patchwork-feature

On Our Bookshelves:
A Patchwork Planet

NOVEL: A Patchwork Planet

AUTHOR:  Anne Tyler

YEAR OF PUBLICATION: 1998

REVIEW:

A Patchwork Planet, like most of Anne Tyler’s work, takes place in and around Baltimore.

It tells the story of Barnaby Gaitlin, a young man working a menial dead-end job (carrying things around and doing errands for the elderly and the housebound), divorced, in a strained relationship with his wealthy parents and his nine year old daughter, and who is maybe, just maybe, going to turn his life around when he meets an upstanding woman, who encourages him to go back to school, get a better job, and marry her.

But not so fast…while we get to know Barnaby, his dysfunctional family, and the Rent-A-Back clientele, Tyler makes a humanistic and convincing case that Barnaby’s kindness, hard work, and efforts to repay all his financial and emotional debts make him a better person, despite all his faults, than those who consider him a black sheep.

He does turn his life around, but in a surprising way; he finds happiness when he forgives himself for his past transgressions and when he realizes who trusts him and who deserves his trust.

This novel makes space for, and pays attention to, those who are overlooked or forgotten, a bit odd, who don’t fit in.

Tyler’s compassion for the outsider is contagious, and this reader, at least, finds herself rooting for Barnaby, cheering his successes, and being gently and persuasively reminded of what is and is not important in this life.

RATING (one to five whistles, with five being the best): Three-and-a-half Whistles

HOW TO PURCHASE: Amazon

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ALSO ON OUR BOOKSHELVES:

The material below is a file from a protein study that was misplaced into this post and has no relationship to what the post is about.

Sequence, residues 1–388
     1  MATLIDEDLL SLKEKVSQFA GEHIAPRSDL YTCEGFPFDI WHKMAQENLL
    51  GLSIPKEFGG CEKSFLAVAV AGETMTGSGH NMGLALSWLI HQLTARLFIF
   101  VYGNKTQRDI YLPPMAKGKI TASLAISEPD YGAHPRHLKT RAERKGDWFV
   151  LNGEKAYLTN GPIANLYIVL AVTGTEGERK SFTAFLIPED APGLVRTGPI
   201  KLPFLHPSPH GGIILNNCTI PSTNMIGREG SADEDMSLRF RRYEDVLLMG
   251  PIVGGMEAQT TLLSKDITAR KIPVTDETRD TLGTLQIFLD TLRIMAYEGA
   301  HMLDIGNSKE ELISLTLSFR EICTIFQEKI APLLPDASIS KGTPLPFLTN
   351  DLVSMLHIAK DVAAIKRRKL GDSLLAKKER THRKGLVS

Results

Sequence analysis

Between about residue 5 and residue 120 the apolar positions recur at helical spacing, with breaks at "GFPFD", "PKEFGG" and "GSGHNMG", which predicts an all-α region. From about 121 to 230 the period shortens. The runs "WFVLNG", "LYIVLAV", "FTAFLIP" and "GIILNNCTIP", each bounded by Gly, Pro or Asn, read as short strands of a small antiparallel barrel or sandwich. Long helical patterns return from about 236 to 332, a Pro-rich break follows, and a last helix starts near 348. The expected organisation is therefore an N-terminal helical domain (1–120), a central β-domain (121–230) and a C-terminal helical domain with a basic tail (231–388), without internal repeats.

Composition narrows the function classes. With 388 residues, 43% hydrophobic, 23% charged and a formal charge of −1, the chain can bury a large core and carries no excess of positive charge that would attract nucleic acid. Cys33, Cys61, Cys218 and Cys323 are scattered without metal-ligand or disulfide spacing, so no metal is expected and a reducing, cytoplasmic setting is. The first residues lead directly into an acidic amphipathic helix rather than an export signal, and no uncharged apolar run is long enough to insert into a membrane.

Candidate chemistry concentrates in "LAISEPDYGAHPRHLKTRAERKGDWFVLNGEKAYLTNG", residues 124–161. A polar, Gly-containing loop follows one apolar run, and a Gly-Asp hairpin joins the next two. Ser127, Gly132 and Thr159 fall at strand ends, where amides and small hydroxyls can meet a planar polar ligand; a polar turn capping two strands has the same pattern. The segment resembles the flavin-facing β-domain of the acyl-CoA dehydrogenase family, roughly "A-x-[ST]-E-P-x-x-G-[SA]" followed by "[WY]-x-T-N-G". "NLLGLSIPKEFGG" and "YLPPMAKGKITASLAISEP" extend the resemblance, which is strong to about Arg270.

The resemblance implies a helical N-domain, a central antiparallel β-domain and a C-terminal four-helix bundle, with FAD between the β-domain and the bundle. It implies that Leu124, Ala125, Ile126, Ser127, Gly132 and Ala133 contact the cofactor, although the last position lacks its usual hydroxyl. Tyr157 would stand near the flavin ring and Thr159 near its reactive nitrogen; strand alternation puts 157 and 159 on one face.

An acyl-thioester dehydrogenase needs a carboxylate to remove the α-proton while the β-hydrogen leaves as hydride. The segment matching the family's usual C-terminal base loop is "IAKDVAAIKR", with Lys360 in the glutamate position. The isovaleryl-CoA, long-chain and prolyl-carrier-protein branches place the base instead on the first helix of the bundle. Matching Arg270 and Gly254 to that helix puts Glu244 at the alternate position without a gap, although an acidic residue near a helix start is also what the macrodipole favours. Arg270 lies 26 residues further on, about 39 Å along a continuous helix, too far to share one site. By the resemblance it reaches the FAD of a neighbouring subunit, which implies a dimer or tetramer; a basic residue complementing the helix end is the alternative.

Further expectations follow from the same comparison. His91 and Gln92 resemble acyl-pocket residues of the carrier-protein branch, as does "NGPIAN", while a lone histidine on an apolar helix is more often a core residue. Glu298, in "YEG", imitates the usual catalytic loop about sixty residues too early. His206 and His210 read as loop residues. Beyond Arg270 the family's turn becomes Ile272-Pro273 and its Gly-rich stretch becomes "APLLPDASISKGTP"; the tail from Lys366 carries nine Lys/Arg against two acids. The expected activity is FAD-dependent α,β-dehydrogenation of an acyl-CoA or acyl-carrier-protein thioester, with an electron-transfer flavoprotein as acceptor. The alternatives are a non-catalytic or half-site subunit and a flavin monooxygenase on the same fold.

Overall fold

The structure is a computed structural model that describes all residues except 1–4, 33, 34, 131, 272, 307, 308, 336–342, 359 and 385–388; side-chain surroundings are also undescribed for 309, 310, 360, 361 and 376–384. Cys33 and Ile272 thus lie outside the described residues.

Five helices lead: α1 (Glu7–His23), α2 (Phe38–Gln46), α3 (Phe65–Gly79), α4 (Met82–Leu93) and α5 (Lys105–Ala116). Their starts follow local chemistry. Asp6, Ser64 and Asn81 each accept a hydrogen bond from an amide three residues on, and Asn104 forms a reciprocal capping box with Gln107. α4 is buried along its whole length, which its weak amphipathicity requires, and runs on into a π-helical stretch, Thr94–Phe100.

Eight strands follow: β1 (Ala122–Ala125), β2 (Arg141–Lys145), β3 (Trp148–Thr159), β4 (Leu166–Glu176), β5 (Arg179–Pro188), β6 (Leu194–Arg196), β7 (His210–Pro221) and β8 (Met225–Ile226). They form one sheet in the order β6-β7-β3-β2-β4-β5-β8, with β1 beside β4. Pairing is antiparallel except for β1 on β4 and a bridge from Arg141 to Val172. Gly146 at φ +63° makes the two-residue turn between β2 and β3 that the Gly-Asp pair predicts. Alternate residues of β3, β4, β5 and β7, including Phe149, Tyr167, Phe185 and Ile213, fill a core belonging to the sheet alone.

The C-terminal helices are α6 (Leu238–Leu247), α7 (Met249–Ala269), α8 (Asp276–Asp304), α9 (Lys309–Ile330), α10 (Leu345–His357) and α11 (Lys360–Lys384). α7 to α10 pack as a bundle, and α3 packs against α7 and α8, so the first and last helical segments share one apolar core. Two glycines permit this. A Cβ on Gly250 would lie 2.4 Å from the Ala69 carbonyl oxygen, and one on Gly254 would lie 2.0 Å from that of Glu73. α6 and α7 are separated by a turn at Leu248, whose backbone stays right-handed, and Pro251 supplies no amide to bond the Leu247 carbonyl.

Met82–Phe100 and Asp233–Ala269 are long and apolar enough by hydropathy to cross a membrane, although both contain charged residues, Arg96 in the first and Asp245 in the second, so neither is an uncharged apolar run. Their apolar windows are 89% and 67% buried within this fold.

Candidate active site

Bleak House, Charles Dickens

Blue Highways, William Least Heat-Moon

Bonjour Tristesse, Francoise Sagan

Bunker Hill, Nathan Philbrick

Burmese Days, George Orwell

Cannery Row, John Steinbeck

Charlotte’s Web, E.B. White

Cloud Atlas, David Mitchell

Cockpit Confidential, Patrick Smith

Envious Casca, Georgette Heyer

Foreign Affairs, Alison Lurie

Gaudy Night, Dorothy L. Sayers

Heads In Beds, Jacob Tomsky

Longbourn, Jo Baker

Mother Night, Kurt Vonnegut

Ringworld, Larry Niven

Rose Madder, Stephen King

The Annotated Alice: The Definitive Ed., Lewis Carroll & Martin Gardner (with original illustrations by John Tenniel)

The Dancer of Izu, Kawabata Yasunari

The Prime of Miss Jean Brodie, Muriel Spark

The Unlikely Pilgrimage of Harold Fry, Rachel Joyce

The Unrest-Cure and Other Stories, Saki

The Westing Game, Ellen Raskin

Up At The Villa, W. Somerset Maugham

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Image: Designua/Shutterstock.com

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Laura LaVelle is an attorney and writer who lives in Connecticut, in a not quite 100-year-old house, along with her husband, two daughters, and a cockatiel.

Laura can be contacted at laura@newswhistle.com